U.S. childhood obesity rates have increased over the past 14 years, according to a study published online and in the medical journal JAMA Pediatrics on April 7th. * This sheds some doubt over the CDC’s announcement back in February when its researchers announced that they found a sharp drop in preschool obesity rates over the past decade. Children are considered obese when their body mass index exceeds that of 95 percent of their peers of the same age and sex.
The new study used the same data source as the CDC but analyzed obesity rates over a different time frame. It found increases in obesity for children age 2 to 19, and a considerable rise in the percentage who were severely obese. This was especially noticeable among black boys, Hispanic girls and white girls.
Led by Asheley Cockrell Skinner of the University of North Carolina at Chapel Hill, the main message of her analysis is that childhood obesity rates have not improved. She also said that there is some evidence that intensive weight loss can be beneficial for overweight and obese children, but intensive weight loss programs are not widely available.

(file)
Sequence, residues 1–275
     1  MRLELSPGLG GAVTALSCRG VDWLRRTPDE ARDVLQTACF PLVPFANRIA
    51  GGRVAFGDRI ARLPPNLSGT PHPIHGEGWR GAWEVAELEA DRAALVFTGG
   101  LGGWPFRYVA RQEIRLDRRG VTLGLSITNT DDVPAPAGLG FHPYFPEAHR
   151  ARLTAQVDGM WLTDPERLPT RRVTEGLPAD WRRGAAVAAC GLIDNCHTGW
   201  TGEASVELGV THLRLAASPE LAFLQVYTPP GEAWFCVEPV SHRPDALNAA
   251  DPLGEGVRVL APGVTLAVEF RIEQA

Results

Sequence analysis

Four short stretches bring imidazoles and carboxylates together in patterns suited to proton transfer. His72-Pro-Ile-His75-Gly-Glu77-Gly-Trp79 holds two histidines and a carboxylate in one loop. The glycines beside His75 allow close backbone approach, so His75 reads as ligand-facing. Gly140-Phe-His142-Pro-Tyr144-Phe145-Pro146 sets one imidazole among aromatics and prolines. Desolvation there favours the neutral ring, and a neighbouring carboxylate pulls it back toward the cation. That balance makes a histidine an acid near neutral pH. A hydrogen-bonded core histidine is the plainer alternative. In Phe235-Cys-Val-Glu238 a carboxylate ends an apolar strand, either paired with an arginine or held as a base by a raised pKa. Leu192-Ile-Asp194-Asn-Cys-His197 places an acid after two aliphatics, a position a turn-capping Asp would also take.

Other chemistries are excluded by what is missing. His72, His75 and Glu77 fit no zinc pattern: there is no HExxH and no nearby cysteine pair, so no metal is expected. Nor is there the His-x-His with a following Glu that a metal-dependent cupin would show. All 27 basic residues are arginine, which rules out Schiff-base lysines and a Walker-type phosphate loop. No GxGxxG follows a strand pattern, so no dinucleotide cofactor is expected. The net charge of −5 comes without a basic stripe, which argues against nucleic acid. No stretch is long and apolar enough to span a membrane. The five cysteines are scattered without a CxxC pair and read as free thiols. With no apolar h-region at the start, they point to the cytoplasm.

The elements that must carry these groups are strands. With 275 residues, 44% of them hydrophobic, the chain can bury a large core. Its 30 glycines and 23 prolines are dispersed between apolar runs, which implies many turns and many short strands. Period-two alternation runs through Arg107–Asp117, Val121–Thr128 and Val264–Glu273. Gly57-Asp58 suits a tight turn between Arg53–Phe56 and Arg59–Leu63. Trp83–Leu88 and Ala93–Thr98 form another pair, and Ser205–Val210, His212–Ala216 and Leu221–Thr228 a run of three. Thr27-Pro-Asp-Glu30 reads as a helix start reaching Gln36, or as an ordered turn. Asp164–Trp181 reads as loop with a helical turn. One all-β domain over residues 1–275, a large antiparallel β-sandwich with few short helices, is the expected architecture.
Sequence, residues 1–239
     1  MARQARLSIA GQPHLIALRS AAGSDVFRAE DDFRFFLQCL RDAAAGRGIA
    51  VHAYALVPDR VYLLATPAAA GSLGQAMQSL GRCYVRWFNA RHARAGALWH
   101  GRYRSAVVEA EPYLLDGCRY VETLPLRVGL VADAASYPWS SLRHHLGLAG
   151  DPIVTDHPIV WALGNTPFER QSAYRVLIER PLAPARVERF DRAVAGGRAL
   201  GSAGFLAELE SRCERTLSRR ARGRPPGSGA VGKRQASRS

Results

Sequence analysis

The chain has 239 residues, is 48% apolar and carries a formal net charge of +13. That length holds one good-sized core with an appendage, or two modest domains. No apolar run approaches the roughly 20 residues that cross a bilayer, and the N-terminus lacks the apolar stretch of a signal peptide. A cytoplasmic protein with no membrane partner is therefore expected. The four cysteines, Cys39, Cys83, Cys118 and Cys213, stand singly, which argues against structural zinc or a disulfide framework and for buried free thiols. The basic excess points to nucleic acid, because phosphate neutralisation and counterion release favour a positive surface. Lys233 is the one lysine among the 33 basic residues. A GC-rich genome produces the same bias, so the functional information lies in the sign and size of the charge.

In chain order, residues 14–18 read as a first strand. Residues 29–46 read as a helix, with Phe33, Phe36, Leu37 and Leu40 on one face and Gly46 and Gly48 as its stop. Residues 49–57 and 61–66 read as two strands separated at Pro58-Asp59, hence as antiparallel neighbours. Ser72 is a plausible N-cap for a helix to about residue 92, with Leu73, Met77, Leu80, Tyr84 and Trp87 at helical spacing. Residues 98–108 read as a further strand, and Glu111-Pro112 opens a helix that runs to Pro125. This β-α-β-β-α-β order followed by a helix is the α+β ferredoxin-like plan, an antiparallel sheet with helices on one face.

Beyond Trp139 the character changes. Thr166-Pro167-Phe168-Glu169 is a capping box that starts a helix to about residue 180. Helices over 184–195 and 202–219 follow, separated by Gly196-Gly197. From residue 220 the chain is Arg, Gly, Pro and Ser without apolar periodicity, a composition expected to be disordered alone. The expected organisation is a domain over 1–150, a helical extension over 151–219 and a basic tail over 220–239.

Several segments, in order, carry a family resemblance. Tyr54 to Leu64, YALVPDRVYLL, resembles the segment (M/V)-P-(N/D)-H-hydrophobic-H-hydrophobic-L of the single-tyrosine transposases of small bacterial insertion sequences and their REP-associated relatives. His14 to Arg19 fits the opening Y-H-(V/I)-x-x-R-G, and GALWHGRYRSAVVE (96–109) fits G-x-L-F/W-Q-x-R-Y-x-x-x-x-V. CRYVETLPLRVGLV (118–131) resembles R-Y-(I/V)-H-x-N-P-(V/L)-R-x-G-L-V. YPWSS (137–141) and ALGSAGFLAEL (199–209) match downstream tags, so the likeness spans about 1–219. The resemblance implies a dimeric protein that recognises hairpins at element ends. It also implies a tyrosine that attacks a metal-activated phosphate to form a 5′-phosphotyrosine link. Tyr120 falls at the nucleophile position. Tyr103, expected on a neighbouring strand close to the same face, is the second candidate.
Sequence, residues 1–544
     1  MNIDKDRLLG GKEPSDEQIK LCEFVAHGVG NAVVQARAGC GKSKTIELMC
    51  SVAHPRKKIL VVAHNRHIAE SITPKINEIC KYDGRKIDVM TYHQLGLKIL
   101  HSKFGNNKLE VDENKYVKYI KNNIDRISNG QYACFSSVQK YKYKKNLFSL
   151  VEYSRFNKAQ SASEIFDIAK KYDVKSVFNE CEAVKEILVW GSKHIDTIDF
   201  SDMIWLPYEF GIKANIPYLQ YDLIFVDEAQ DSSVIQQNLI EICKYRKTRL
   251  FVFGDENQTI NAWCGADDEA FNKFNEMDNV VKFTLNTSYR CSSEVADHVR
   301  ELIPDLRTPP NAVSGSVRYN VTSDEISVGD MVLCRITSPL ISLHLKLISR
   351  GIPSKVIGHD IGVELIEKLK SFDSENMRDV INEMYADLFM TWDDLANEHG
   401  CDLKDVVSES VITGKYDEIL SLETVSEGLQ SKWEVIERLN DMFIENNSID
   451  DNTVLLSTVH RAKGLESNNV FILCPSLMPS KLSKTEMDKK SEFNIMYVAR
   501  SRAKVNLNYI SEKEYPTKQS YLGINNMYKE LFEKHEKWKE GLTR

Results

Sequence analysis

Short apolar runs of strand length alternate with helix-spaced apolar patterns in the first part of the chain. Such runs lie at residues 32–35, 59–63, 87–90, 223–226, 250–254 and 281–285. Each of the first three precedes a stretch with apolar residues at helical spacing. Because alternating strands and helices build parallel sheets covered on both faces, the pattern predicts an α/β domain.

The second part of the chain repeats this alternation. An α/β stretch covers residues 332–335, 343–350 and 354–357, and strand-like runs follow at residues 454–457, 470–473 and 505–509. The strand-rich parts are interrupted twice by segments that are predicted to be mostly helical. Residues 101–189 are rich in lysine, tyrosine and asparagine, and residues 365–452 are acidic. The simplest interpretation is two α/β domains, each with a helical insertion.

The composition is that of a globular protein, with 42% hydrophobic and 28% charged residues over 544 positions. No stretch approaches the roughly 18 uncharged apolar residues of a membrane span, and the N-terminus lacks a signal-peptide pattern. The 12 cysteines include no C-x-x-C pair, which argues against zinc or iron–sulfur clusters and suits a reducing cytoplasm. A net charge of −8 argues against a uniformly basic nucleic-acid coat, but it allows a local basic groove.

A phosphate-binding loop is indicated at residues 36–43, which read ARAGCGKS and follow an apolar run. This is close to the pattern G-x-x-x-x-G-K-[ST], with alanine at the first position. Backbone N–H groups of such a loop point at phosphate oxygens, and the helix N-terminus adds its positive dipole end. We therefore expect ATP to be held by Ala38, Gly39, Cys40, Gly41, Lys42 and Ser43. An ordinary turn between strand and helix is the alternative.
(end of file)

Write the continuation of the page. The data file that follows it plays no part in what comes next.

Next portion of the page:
The Surgical Specialists of Louisiana and Mississippi offer a multi-disciplinary team approach to weight loss including Myweight, a medical weight management program, and pre- and post-operative care. Free weekly weight loss surgery seminars provide information for potential patients. Support groups give surgical patients a way to share their experience, bariatric-friendly recipes, and motivational exercise tips. For more information on dates and location for these please visit www.whyweight.com or call 1-877-691-3001 to speak to one of our Patient Advocates.
*Reuters Health and Jama Pediatrics, online April 7, 2014